A Hong Kong lawmaker has urged authorities to cancel the need for Polymerase Chain Reaction (PCR) tests to enter the mainland as one centre in Sham Shui Po saw would-be travellers queuing until 3 a.m. on Thursday.
Under the current policy, all travellers over the age of three must obtain a negative PCR test result within 48 hours before crossing the border between Hong Kong and the mainland.
Tens of thousands of people are crossing in both directions in the run-up to the Lunar New Year starting on Sunday after Beijing this month scrapped its years-long quarantine requirements. Travellers from both sides must still take PCR tests.
Local media said more than one hundred people were still queuing for PCR tests at the community testing centre at Sham Shui Po’s Maple Street Playground after midnight, when the lights were already off. The station completed testing for everyone waiting at around 3 a.m.
Chief Executive John Lee acknowledged the situation was “not ideal” when addressing the issue in the Legislative Council on Thursday morning.
Lee said only 60 per cent of the city’s total testing capacity was being used on Monday. “We know the problem was not a shortage in supply, but the distribution of information,” he added, as some people did not know spaces were available at other testing centres.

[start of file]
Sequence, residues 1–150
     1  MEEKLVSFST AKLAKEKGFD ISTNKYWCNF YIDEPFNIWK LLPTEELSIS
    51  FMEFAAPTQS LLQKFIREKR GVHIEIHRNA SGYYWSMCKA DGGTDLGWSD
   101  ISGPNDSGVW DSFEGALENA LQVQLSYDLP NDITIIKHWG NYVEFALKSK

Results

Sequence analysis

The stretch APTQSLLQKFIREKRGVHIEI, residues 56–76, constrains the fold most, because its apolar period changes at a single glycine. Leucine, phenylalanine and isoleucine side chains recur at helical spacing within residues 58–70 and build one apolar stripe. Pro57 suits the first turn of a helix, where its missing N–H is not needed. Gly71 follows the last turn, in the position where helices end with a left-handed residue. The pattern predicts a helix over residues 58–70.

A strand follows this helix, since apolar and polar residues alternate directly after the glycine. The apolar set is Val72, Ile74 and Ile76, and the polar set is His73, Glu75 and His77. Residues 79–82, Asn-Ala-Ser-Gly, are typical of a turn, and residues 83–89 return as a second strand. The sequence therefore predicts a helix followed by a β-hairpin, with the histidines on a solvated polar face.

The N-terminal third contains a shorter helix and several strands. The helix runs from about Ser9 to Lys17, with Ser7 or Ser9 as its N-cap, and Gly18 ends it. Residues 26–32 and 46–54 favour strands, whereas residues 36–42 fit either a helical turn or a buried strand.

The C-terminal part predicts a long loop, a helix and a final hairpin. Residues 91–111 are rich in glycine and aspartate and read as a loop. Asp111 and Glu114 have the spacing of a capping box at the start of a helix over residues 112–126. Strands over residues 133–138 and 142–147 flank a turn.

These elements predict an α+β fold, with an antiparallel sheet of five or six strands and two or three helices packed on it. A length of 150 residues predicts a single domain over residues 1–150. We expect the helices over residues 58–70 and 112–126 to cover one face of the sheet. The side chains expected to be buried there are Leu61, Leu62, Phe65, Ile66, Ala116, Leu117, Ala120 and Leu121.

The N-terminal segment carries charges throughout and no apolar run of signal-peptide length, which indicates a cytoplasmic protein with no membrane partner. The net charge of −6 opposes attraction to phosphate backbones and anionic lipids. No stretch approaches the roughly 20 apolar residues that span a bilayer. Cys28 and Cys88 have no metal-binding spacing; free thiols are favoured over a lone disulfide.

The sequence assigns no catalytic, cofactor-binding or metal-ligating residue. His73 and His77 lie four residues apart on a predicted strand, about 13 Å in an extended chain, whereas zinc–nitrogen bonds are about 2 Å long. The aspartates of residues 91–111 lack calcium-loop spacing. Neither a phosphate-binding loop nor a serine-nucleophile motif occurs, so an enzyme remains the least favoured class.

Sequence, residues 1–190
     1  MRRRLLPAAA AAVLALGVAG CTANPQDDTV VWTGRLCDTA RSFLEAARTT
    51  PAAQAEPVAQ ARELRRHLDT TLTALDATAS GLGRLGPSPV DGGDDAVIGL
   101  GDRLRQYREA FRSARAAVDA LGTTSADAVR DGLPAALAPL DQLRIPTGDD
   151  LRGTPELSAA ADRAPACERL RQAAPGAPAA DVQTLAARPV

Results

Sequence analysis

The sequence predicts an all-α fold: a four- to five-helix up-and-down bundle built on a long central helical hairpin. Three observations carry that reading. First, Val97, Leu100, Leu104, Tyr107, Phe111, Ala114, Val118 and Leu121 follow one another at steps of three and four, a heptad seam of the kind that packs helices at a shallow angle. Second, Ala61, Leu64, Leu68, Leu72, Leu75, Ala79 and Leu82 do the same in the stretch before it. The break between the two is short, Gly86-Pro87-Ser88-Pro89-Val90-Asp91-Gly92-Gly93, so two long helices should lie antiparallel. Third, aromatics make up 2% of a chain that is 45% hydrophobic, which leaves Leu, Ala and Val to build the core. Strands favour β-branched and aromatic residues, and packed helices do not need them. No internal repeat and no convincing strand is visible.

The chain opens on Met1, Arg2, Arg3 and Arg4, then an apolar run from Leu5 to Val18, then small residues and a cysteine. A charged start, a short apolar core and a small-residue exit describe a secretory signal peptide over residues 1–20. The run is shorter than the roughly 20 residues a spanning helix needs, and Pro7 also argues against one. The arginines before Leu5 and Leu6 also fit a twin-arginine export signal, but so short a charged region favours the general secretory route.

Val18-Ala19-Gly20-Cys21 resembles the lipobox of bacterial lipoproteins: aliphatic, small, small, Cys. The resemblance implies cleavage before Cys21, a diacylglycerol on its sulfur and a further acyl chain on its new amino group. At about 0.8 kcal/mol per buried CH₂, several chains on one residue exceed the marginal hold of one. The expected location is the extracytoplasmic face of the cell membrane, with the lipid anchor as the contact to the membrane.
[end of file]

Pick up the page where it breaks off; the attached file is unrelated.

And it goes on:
Lawmaker Doreen Kong told Commercial Radio on Thursday she believes most of those queuing at Sham Shui Po were blue-collar workers and many might not have had time to visit other testing centres before 8 p.m., when they stop accepting new registrations.
“Those who work as dishwashers or waiting staff might not be off work yet, how can they be there?” Kong asked.
The lawmaker said the best solution was to cancel the testing requirement altogether.
“Otherwise I am very worried that the demand [for PCR tests] will be greater than our testing capacity as authorities continue to increase the quota for cross-border travel,” she added.
Chief Secretary Eric Chan told the Hong Kong Economic Times that Hong Kong must wait for approval from Beijing before it could drop the PCR testing requirement.
Ricky Chiu, the founder of test provider Phase Scientific, told the same radio programme he believed the major bottleneck was registration and urged people to make bookings in advance.
“Many people were unclear about the arrangements related to cross-border travel,” he said, adding some were confused about whether the 48-hour window started from the time they received the result or the time they took the test. The latter was correct.
Chiu, whose company operated the Maple Street Playground centre until last September, said it has always been busy.
Chiu, an adjunct associate professor at the Chinese University of Hong Kong’s School of Biomedical Sciences, said that from a public health standpoint “there are not many reasons supporting the requirement for PCR tests.”